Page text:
Fascism and Contempt for the Poor, the Disabled and the Criminal

February 21, 2015

This is another revealing quote on Fascist attitudes from the Fascists themselves, in Brady’s book, ‘The Structure of German Fascism’. Nazism was based partly on the idea of the biological inferiority of certain groups, and the supposed need to eliminate them or prevent them from breeding. These included recidivist criminals, the physically or mentally handicapped, and the unemployed. The last were seen as biologically inferior simply through their inability to hold down a job and support themselves.

The Nazis boasted that their eugenics campaign was definitely not a novelty, and was based on arguments and programmes put into practice in other nations. Such as America, where 26 states passed legislation providing for the sterilisation of the mentally handicapped. Here’s a statement from one American Fascist demanding an end to liberal democracy, because of the support it gives the biologically inferior.

” … most well-mannered debaters carry on with the White Lie of Democracy; and thus they reach worthless conclusions. A land swarming with tens of millions of morons, perverts, culls, outcasts, criminals, and lesser breeds of low-grade humans cannot escape the evils all such cause. … So long as we have an underworld of 4,000,000 or more scoundrels willing to do anything for a price, and a twilight world of fully, 40,000,000 people of profound stupidity or ignorance or indifference, and a population of nearly 70,000,000 who cannot support themselves entirely and hence must think first of cost, whenever they buy things, we shall have a nasty mess on our hands … “

(Pitkin, Let’s Get What We Want, pp. 72, 283).

These sentiment aren’t that far from the Daily Mail. And as Mike has pointed out on Vox Political, and Johnny Void on his blog, the government is effectively criminalising the unemployed by forcing them to do unpaid community work.

And the Tories over here, and Republicans in America, are also passing laws designed to ensure they win the election by stripping the franchise from the poor, young and ethnic minorities. All in the name of reforming voter registration. In this country the Tories are debating stripping the right to vote from Irish people, and the citizens of Commonwealth countries resident here.

This is a government which has adopted policies that could rightly be called ‘Fascistic’. They just haven’t formally overthrown democracy yet and started wearing the black shirts and jackboots.

Fascism and Elitism

February 21, 2015

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Hitler and Cameron: Both promote the power of elites and the subordination of the masses.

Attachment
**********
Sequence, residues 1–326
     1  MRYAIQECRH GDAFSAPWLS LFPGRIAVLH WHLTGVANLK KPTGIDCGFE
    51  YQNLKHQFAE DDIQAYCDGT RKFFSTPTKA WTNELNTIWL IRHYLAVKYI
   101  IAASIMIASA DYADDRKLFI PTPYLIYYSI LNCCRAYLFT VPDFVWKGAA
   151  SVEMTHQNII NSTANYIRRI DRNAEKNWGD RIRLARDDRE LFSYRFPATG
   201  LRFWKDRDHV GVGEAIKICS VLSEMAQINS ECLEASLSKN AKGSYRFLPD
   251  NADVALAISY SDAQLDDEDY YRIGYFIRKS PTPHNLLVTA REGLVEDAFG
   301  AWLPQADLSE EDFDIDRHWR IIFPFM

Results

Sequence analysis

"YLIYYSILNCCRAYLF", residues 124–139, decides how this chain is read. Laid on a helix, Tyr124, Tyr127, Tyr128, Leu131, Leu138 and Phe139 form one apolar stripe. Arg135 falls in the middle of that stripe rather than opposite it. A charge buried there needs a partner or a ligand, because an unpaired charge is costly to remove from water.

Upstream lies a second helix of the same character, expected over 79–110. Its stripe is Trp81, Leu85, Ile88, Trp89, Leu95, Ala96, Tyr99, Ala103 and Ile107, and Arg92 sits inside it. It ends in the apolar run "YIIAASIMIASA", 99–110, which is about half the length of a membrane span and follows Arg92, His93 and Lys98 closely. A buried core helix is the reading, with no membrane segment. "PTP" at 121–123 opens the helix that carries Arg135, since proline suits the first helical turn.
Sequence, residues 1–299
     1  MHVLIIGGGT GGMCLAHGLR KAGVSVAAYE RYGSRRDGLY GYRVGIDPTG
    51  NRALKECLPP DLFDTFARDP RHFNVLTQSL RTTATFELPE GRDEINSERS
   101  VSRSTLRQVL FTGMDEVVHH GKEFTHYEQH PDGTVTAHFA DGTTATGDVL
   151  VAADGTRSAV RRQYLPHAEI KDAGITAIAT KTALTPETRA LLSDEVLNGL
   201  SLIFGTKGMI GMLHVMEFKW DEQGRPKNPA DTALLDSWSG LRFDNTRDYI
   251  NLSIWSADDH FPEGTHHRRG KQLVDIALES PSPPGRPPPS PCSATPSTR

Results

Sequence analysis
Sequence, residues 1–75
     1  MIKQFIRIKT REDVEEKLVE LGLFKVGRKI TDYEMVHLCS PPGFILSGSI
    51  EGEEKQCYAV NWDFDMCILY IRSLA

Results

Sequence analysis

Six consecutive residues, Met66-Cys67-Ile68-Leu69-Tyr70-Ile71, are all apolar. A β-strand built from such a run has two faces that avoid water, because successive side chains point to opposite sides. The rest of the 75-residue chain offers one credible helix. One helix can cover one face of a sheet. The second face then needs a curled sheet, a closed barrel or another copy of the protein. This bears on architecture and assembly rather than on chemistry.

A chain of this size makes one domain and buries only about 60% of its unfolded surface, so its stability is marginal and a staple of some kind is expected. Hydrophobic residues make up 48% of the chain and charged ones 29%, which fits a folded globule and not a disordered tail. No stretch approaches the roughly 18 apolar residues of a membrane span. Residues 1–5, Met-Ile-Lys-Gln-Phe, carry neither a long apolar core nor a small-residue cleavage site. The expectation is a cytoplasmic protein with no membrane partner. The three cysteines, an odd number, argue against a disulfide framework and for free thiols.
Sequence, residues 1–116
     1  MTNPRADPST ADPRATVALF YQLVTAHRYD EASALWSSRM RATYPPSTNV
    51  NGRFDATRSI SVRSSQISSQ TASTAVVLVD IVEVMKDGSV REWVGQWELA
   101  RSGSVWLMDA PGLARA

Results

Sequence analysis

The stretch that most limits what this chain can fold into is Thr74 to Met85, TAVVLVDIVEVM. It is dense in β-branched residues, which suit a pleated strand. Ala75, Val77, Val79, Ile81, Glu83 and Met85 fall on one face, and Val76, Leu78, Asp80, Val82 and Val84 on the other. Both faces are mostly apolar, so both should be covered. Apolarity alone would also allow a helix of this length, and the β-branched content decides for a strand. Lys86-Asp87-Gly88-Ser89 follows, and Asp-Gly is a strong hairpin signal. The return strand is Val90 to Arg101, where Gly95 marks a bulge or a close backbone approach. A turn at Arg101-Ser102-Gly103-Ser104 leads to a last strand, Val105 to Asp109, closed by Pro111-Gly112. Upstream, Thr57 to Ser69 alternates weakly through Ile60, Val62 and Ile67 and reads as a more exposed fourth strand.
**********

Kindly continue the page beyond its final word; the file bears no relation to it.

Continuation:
This is another highly relevant quote showing the stark similarities to the current government and Fascism, cited in Robert Brady’s book The Structure of German Fascism (Gollancz 1937). At the heart of Fascism is the doctrine that only an elite should rule. For the Nazis, this was biologically superior German Aryans, comprising members of the Nazi party and German business. American Fascists in the ’30s also argued against democracy, and for the power to rule to be confined only to a small, elite section of the population, as this quote from Brady’s book also shows:

There is great social significance in the fact that the elite of exceptional natural endowment, who, as a matter of course, become the elite of power and influence, actual or potential, are a fairly constant percentage of the total population. From this fact it follows that no social system can long survive, once it tends strongly to declass more and more of the elite … The elite may be defined roughly and arbitrarily as including capitalists deriving most of their income from property, business enterprisers and farmers, the professional classes, and, generally, the employed, whose salaries are considerably above the average, or say, above $3,000 a year for the entire country…
A wise social philosophy, such as that of fascism, strives to make a place for all the members of the
elite

(Dennis, The Coming American Fascism, pp. 229, 231, 237).

This also exactly describes the attitude of the current Coalition, led by the aristocratic Cameron, Clegg and Osborne, which is doing everything it can to reduce everyone else to poverty and despair in the interests of big business.